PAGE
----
Collection agencies have every right to call you. You had no problem calling them when you wanted a loan, credit card, or other services. They have every right to call you demanding you live up to your contract. Period.

In most cases they are not "harassing" you. They are trying to collect money they are owed. If your welfare or social security check didn't arrive when it was supposed to, you'd be on the phone every day demanding that someone get it out to you.

Why should the business whose services you have used and are not paying for (stealing from) have to suffer? They did their job. They lived up to their end of the bargain. Why do they have to lose out because you can't manage your own finances? Why do their employees have to get less in bonuses in this year because you are a dishonest person?

Now, if it is a MISTAKE, I believe you should be able to file with the city and/or state to stop the calls until a hearing or some time of mediation is completed. That would be fair. After that, if you owe the money, they have every right to call you every day until you pay back what you have taken (stolen).

15

 Oct 04, 2011 at 01:42 PM whererurbrains Says:

China will call now obama on his cell phone to pay america's debt!!!

16

 Oct 04, 2011 at 02:45 PM MIESQ Says:

Now then since one gets charged for incoming calls who will be liable for calls made in error ? Also notice this is limitted to money owed the Feds. Why not try a bold idea of reducing College tuition in public universaties to affordable levels so that a Bacholars does not cost north of -$50-$75k

17

 Oct 04, 2011 at 04:45 PM PMOinFL Says:

Reply to #16  
MIESQ Says:

Now then since one gets charged for incoming calls who will be liable for calls made in error ? Also notice this is limitted to money owed the Feds. Why not try a bold idea of reducing College tuition in public universaties to affordable levels so that a Bacholars does not cost north of -$50-$75k

The AVERAGE cost of getting a bachelor's degree from a public university in NY state is $5,065 per YEAR. That is before any financial aid, or credits.

If you are a frugal person, you could consider starting a community college with has an annual average cost of $3,423.

2 years community college: $6,846
2 years at a state university: $10,130

That leaves a grand total of $16,976. That is with NO financial aid.

Now, of course that does not include cost of living expenses, however many people choose public colleges near their parents in order to save that money.

What I'm saying is, you are obviously a member of the "entitlement" generation who thinks you should be able to have $50,000-$75,000 worth of services provided for you free of charge. Well, buddy that's not how life works.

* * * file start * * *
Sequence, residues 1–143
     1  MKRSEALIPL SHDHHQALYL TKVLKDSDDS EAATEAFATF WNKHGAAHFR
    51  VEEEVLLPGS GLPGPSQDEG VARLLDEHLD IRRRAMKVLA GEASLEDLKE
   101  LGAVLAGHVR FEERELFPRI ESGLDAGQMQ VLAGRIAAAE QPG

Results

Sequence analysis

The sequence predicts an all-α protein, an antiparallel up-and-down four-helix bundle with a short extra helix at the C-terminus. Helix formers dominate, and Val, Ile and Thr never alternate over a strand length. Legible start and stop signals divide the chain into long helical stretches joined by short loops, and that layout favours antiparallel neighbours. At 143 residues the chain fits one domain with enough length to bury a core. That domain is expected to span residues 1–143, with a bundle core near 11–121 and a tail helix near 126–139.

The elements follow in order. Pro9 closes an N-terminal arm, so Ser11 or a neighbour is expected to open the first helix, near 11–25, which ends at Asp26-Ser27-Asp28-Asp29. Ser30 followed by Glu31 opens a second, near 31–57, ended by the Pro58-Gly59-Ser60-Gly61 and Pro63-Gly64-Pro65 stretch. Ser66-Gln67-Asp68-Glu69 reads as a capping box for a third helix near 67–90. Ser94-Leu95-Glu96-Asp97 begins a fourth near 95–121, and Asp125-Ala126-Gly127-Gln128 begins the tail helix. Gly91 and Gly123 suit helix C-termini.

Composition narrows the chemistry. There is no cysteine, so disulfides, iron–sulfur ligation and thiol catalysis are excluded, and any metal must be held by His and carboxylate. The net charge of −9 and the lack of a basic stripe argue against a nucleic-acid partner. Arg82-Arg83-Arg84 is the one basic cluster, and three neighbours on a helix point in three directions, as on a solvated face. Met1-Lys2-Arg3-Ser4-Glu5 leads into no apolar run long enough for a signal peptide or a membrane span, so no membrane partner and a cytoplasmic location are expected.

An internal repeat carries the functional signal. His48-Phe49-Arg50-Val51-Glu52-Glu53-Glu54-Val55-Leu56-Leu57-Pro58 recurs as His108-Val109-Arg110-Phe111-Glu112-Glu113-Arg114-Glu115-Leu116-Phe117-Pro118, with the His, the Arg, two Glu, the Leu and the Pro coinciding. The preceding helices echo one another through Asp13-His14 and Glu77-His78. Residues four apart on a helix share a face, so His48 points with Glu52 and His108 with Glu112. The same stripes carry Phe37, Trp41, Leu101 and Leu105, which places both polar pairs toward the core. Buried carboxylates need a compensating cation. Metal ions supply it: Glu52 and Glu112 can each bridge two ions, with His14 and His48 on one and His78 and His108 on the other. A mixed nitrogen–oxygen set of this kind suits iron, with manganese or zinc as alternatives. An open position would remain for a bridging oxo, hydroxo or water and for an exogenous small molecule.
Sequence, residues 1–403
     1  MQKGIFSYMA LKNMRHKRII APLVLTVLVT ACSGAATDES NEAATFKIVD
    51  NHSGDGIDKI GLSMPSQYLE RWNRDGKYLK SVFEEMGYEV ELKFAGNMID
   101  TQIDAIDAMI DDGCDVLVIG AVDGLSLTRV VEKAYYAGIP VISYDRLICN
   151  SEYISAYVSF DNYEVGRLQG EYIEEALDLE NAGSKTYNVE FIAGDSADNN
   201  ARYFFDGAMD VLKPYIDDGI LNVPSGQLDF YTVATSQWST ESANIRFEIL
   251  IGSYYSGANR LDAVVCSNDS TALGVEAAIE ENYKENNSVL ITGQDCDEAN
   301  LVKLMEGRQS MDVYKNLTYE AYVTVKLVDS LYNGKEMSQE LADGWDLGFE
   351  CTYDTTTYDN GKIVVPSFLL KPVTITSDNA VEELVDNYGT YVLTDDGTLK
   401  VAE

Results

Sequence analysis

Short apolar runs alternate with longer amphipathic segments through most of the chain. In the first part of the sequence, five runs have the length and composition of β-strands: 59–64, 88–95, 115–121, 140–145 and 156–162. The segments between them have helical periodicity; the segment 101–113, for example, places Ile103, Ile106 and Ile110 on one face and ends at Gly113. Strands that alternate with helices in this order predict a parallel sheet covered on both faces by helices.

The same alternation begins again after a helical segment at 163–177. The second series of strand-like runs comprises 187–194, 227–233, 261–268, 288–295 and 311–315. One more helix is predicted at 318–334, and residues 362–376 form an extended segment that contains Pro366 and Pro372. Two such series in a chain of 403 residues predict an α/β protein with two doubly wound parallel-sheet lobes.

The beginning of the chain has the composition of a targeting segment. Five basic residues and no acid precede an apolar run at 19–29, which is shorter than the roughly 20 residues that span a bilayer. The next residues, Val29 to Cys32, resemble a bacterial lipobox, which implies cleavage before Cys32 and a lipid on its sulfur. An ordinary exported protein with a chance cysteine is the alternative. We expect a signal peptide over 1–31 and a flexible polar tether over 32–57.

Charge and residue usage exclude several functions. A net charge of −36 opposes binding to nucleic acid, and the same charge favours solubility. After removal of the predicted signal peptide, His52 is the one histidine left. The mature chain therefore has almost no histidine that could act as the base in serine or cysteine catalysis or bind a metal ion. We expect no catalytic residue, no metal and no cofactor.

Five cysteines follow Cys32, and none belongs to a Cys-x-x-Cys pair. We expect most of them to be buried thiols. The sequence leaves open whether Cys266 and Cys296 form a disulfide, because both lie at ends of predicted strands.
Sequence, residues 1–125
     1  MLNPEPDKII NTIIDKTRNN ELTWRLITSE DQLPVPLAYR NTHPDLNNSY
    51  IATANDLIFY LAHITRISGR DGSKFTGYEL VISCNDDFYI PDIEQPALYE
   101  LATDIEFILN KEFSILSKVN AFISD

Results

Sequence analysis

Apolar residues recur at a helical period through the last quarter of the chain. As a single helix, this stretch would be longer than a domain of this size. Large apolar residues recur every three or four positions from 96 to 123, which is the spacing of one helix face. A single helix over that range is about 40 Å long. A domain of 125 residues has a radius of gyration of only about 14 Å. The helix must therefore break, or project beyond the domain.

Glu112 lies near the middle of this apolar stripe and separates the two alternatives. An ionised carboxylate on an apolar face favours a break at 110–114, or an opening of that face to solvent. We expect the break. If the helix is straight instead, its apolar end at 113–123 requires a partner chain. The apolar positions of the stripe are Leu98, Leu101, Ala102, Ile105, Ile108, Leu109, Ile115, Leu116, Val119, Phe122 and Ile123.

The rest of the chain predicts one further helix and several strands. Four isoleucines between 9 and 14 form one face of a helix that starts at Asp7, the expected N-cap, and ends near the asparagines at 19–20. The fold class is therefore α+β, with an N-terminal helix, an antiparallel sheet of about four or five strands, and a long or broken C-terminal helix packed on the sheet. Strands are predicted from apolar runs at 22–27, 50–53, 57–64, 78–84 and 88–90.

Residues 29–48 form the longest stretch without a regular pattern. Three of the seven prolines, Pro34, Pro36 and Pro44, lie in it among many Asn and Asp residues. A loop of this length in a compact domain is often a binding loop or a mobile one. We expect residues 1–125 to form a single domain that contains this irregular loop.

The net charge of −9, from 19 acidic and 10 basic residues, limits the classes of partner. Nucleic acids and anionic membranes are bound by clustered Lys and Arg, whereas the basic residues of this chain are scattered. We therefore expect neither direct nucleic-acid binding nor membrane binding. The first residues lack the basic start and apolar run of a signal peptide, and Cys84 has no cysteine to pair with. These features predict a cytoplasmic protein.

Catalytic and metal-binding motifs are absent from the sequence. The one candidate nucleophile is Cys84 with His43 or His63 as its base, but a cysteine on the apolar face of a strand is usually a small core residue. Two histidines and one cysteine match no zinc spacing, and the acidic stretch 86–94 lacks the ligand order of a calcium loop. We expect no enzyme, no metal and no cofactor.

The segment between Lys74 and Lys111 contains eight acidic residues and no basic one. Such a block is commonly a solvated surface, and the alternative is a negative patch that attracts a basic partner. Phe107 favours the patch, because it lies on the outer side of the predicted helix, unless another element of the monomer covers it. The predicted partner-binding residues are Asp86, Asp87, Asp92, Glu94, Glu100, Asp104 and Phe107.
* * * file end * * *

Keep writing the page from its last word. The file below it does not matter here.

My father got a degree. You want to know how? Selling peanuts on the street in the summer, and working odd jobs around my grandfather's store. That's how he did it. He didn't get any "loans" or "grants".

College tuition costs what it costs. If you don't pay it yourself, *I* have to pay it (through taxes), and based on your disgusting "entitlement" attitude, you're not worth it.

18

 Oct 04, 2011 at 10:41 PM LMSandAssociates.com Says:

Reply to #14  
PMOinFL Says:

Collection agencies have every right to call you. You had no problem calling them when you wanted a loan, credit card, or other services. They have every right to call you demanding you live up to your contract. Period.

In most cases they are not "harassing" you. They are trying to collect money they are owed. If your welfare or social security check didn't arrive when it was supposed to, you'd be on the phone every day demanding that someone get it out to you.

Why should the business whose services you have used and are not paying for (stealing from) have to suffer? They did their job. They lived up to their end of the bargain. Why do they have to lose out because you can't manage your own finances? Why do their employees have to get less in bonuses in this year because you are a dishonest person?

Now, if it is a MISTAKE, I believe you should be able to file with the city and/or state to stop the calls until a hearing or some time of mediation is completed. That would be fair. After that, if you owe the money, they have every right to call you every day until you pay back what you have taken (stolen).

A- the banks get govermont funds to help people in distressed situations, the banks didn't lend money because they like you, they wanna be a part of the deal/equity and if value dropped or business struggled they are part of it.
B-you don't owe anything to a collection company and therfore by law you could ask them to stop contacting you (not only harasing). Most cases the bank/creditor charged off the account and was sold as junk debt in bulk.

19

 Oct 05, 2011 at 01:49 AM SherryTheNoahide Says:

Reply to #17  
PMOinFL Says:

The AVERAGE cost of getting a bachelor's degree from a public university in NY state is $5,065 per YEAR. That is before any financial aid, or credits.

If you are a frugal person, you could consider starting a community college with has an annual average cost of $3,423.

2 years community college: $6,846
2 years at a state university: $10,130

That leaves a grand total of $16,976. That is with NO financial aid.

Now, of course that does not include cost of living expenses, however many people choose public colleges near their parents in order to save that money.

What I'm saying is, you are obviously a member of the "entitlement" generation who thinks you should be able to have $50,000-$75,000 worth of services provided for you free of charge. Well, buddy that's not how life works.

My father got a degree. You want to know how? Selling peanuts on the street in the summer, and working odd jobs around my grandfather's store. That's how he did it. He didn't get any "loans" or "grants".

College tuition costs what it costs. If you don't pay it yourself, *I* have to pay it (through taxes), and based on your disgusting "entitlement" attitude, you're not worth it.

PMOinFL, lots & LOTS of people end up in debt, sued, losing their homes, etc. over medical costs.

But I suppose you take the same attitude about this type of debt as well?

Were you one of the applauders during the GOP debate the night the question was asked about that 30-year-old-uninsured-coma-patient? (LOL)

Just checking!

20